Start paying attention to resume keywords, or your next online job application may already be doomed.
There’s a reason no one reviewed your last job application. It’s the same reason your next application will go unnoticed too. No, you’re not unqualified. And no, the world isn’t out to get you. The fact is you’re likely not making proper use of resume keywords, which may be rendering your online job application useless.
There’s a statistic going around the Internet that around 70 percent of resumes submitted online are never viewed by a human being. The main reason? Employers have started using applicant tracking systems. In a nutshell, an applicant tracking system (otherwise known as an ATS) is software that parses information from your resume into a database that ranks you against other job candidates. The recruiter then searches the ATS’ database, using keywords to help filter the most relevant resumes to the top of the application stack.
In 2013, we will see more HR professionals relying on platform solution providers to access data quickly in order to make business decisions in real-time. - Bill Glenn, vice president of marketing at TalentWise
When an ATS parses your resume, all styling is removed. The software only cares about recognizable text, which means that professional image you attached to the top of your resume is useless. Also, you’ll want to use a web-safe font like Arial or Georgia, and avoid special characters like arrows when bullet points will suffice. Highly stylized resumes may be great for in-person interviews, but you’re better off with something plain and simple when it comes to an ATS.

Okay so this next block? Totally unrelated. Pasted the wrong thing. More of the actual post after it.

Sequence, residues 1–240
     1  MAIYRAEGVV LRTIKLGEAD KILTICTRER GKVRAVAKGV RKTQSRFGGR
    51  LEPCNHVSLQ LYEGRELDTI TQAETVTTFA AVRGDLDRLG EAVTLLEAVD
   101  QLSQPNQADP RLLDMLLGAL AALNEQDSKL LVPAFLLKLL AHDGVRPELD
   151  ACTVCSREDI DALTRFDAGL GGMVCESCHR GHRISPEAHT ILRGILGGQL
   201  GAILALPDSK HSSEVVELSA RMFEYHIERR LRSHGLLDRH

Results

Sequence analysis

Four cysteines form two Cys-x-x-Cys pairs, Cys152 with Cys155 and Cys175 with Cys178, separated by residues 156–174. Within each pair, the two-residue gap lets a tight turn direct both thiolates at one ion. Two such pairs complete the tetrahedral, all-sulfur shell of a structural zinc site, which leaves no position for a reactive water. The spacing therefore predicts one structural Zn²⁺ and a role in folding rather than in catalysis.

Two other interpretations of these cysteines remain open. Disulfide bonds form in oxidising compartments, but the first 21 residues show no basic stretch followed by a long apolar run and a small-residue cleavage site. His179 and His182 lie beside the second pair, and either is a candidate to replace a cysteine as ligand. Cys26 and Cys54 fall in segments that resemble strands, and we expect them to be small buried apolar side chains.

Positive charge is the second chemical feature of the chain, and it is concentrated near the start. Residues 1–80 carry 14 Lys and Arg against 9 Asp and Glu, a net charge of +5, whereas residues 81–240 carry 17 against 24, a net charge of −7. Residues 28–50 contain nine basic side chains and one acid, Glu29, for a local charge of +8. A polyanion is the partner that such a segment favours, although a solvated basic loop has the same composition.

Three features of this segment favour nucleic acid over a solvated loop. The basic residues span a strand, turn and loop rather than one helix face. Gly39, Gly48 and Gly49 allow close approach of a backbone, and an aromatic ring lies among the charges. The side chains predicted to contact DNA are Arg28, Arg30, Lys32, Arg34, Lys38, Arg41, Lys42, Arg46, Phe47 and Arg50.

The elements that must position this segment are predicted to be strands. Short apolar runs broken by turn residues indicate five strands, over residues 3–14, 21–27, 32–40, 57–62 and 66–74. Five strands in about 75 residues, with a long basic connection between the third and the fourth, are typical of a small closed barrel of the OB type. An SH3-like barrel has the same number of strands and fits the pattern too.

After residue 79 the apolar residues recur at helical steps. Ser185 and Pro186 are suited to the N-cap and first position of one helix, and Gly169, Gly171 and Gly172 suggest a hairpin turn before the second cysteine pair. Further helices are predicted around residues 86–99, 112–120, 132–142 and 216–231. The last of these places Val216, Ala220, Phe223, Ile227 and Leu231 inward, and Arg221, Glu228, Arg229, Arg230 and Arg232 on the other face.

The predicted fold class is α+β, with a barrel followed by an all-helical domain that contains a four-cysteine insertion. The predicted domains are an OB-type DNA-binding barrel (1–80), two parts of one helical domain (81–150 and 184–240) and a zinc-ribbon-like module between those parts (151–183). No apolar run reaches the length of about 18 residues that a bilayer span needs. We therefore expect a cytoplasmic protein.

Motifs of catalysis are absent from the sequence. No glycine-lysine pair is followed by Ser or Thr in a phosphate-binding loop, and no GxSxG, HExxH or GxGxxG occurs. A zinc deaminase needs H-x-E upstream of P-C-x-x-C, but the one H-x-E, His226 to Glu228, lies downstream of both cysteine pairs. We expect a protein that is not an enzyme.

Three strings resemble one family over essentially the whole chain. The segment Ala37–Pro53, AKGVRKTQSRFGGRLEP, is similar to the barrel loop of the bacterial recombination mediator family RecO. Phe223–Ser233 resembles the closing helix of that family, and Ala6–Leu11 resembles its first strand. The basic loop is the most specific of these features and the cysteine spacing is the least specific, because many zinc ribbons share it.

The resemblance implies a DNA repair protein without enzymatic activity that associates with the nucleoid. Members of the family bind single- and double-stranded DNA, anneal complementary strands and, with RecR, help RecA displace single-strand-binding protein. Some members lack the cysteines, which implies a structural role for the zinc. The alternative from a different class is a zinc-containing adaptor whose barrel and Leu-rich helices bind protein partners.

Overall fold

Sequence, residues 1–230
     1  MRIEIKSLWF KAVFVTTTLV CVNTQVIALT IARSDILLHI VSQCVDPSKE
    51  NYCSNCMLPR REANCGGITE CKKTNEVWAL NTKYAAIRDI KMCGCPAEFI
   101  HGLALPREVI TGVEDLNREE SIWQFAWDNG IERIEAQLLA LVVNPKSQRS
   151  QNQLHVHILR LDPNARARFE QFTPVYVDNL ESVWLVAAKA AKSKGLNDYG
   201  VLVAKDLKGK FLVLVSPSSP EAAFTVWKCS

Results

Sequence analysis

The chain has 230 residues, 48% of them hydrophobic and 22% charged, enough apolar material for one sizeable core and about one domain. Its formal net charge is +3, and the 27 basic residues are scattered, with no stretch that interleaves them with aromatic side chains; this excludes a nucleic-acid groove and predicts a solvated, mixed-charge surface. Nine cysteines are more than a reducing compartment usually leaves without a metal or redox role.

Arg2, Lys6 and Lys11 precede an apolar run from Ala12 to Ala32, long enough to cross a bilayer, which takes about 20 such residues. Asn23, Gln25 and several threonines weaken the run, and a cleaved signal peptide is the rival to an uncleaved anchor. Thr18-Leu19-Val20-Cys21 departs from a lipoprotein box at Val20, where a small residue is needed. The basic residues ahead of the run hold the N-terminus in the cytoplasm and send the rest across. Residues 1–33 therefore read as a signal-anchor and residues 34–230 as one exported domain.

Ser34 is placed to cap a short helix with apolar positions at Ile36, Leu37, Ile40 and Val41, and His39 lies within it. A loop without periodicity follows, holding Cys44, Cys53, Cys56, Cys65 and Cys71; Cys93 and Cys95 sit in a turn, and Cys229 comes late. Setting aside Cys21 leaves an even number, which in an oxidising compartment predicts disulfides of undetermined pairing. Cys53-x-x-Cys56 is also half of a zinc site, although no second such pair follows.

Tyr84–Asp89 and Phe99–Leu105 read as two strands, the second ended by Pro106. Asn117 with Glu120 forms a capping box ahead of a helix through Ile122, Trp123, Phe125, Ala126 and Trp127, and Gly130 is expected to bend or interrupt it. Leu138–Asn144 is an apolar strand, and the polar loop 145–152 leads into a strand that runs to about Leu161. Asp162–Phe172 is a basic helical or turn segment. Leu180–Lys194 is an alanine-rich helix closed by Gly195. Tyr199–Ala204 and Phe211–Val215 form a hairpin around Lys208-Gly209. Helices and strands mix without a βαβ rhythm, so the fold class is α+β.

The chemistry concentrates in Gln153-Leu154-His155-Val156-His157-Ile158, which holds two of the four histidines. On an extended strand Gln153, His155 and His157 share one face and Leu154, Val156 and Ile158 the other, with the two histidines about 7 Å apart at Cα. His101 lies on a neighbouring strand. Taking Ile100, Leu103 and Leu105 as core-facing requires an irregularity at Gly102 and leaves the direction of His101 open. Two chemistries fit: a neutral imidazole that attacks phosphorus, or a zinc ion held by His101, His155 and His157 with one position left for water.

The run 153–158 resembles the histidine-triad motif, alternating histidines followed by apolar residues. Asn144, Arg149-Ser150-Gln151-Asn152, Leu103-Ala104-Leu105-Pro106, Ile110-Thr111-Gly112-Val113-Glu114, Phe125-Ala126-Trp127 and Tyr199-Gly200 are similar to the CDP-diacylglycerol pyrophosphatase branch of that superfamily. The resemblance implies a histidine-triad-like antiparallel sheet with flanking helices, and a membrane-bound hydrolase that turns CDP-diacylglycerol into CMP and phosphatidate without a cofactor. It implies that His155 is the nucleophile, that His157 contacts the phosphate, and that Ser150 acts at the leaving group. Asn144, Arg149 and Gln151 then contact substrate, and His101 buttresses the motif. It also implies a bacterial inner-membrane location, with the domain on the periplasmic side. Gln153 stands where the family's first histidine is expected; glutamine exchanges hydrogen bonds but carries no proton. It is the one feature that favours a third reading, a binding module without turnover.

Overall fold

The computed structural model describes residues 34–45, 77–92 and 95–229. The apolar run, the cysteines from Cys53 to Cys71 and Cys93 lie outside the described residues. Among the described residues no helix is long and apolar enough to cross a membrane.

The fastest way to identify what resume keywords you should include is to study online job postings that interest you. What words are used in the job title? What words are repeatedly mentioned that are associated with said job title? What skills are required? Employers will search their ATS database for specialized skills, which is why it’s beneficial to tweak your resume keywords for each and every job application. If an employer is looking for a customer service expert, then taking up half your resume with background information on your computer programming degree isn’t doing you any favors.
As obvious as this tip seems, please be sure to triple-check your job application for spelling errors. Otherwise, all your resume keyword research will have been wasted because your potential employer’s ATS thinks you’re a skilled ‘bratender,’ not a bartender.
Do you pay attention to resume keywords when preparing online job applications? Let us know your thoughts in the comment section below!
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